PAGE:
The 75 are among 254,000 individuals for whom results of thyroid gland tests have been made available to date.

Only residents of Fukushima Prefecture who were aged 18 or under at the time of the 2011 Fukushima nuclear disaster are eligible to receive the thyroid gland tests administered by the prefectural government.

The latest figures include the results from 28,000 more individuals compared to the numbers released in November.

Medical and government officials in Fukushima say they do not believe the cases of thyroid gland cancer diagnosed or suspected in the 75 young people in the prefecture are linked to the 2011 nuclear accident.

Hokuto Hoshi, who chairs a panel that discusses matters related to the prefectural survey on the health impact from radiation on Fukushima’s residents, referred to the fact that cases of thyroid gland cancer in children who lived near Chernobyl only began to increase four to five years after the 1986 nuclear accident.

So once again... We are not told how stastically divergent this is from the norm, nor offered an alternative explanation... merely assured that it is unrelated to the nuclear disaster. And again, all we can do is echo Helen Caldicott's call for an international investigation into these findings. Until then, we are not going to join the rush to exculpate the Fukushima disaster.

Fukushima cesium groundwater level breaks new record

Tokyo Electric Power Co. said Feb. 13 that 130,000 becquerels of radioactive cesium per liter were detected in groundwater sampled that day from an observation well at its the Fukushima No. 1 nuclear plant. The level was the highest for radioactive cesium found in well water at the plant. (Jiji Press)

Fukushima workers rally against Tepco

Workers from the Fukushima No. 1 nuclear plant rallied March 14 outside the headquarters of Tokyo Electric Power Co., complaining they are being forced to work for meager pay in dangerous conditions. Several thousand employees at the plant are employed in a daily scramble to keep the site as safe as possible, making myriad repairs and building tanks for the vast amounts of water contaminated after being used to cool reactors. Demonstrators also rallied outside the office of Maeda Corp., one of the contractors hired to run cleanup operations at the plant and in surrounding areas.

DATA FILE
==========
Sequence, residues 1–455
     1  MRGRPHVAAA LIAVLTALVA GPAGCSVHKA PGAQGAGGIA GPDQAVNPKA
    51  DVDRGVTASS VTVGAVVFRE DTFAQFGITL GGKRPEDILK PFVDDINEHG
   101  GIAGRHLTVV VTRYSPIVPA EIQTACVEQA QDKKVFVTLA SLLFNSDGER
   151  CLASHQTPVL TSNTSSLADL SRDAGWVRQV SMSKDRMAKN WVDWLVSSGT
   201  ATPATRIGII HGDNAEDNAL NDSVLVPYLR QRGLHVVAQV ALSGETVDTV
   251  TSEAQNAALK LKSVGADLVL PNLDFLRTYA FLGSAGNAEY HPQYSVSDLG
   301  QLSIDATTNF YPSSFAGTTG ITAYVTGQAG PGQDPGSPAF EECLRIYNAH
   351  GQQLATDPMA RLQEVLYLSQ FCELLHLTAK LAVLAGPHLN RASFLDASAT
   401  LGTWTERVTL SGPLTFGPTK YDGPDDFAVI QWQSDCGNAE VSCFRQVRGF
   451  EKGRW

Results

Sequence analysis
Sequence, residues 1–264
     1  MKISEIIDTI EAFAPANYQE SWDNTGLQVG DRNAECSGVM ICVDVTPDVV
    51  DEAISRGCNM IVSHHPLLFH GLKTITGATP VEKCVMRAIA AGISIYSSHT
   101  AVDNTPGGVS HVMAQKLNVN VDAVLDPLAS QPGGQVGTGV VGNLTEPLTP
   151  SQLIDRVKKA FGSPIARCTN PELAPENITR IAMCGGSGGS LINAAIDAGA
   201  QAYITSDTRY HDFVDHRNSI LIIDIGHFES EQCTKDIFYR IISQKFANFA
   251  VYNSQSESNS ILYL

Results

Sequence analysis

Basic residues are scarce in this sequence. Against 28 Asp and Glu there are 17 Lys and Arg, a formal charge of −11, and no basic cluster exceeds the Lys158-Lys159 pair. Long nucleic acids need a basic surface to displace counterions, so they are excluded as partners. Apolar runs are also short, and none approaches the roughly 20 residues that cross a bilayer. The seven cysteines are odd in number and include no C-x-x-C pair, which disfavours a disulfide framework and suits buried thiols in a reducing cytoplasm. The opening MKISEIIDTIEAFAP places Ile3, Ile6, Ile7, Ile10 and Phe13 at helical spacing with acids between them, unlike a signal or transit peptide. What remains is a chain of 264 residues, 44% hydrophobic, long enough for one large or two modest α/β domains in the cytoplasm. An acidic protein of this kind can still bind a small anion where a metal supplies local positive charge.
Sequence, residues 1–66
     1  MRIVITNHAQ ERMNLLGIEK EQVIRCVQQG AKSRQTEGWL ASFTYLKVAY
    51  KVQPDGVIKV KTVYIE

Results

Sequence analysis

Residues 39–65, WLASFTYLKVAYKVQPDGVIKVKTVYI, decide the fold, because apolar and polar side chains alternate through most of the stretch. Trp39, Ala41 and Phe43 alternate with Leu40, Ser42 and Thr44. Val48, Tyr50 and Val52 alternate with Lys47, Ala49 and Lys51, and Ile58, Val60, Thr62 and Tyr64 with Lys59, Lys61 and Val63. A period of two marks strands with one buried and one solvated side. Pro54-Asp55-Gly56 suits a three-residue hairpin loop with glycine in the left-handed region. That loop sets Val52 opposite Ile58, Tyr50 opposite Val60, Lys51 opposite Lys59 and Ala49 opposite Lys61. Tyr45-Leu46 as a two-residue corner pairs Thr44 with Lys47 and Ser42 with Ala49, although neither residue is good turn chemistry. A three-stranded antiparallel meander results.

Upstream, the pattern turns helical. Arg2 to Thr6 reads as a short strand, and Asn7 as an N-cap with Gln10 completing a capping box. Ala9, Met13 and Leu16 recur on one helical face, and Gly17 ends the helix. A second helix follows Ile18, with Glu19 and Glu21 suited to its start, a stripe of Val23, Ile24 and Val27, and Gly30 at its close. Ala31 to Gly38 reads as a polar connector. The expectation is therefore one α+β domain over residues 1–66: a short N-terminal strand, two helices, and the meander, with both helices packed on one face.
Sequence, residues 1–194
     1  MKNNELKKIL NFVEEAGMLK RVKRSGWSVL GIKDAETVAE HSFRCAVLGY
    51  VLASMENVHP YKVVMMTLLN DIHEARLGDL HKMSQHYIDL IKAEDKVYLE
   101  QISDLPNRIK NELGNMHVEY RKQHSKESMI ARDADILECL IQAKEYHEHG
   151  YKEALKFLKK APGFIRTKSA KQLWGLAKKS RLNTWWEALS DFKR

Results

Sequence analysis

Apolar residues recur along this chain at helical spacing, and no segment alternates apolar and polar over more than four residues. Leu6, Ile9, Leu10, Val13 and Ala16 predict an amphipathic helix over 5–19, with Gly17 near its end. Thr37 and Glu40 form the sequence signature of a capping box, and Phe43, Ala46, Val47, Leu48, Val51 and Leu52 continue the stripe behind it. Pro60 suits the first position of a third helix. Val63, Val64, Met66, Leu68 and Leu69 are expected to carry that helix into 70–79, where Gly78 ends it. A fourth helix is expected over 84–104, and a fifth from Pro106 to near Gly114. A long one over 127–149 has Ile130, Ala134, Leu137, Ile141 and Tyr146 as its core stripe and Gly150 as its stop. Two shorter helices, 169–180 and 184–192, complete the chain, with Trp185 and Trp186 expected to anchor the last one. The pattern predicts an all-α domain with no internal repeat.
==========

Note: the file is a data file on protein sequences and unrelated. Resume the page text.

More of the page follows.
Meanwhile, authorities moved closer to restarting a pair of reactors at the Sendai nuclear plant in Kagoshima Prefecture, with the Nuclear Regulation Authority saying it would conduct safety checks. Local officials are still wary of the plan. (Japan Times)
 

UN claims on Fukushima questioned

Criticisms of the UN's study of Fukushima's impacts were dismissed by nuclear boosters. Now we have more details. From the GreenWorld blog, June 10:

Today, physicians from 19 affiliates of the International Physicians for the Prevention of Nuclear War (IPPNW) published a critical analysis of the Fukushima report of the United Nations Scientific Committee on the Effects of Atomic Radiation (UNSCEAR). The efforts made by UNSCEAR committee members to evaluate the extensive and complex data concerning the Fukushima nuclear catastrophe are appreciated. The report shows that the Fukushima nuclear disaster was not a singular event, but is an ongoing catastrophe; that it is not confined to Fukushima Prefecture, but affects people all over Japan and beyond; and that it constitutes the largest single radioactive contamination of the ocean ever recorded.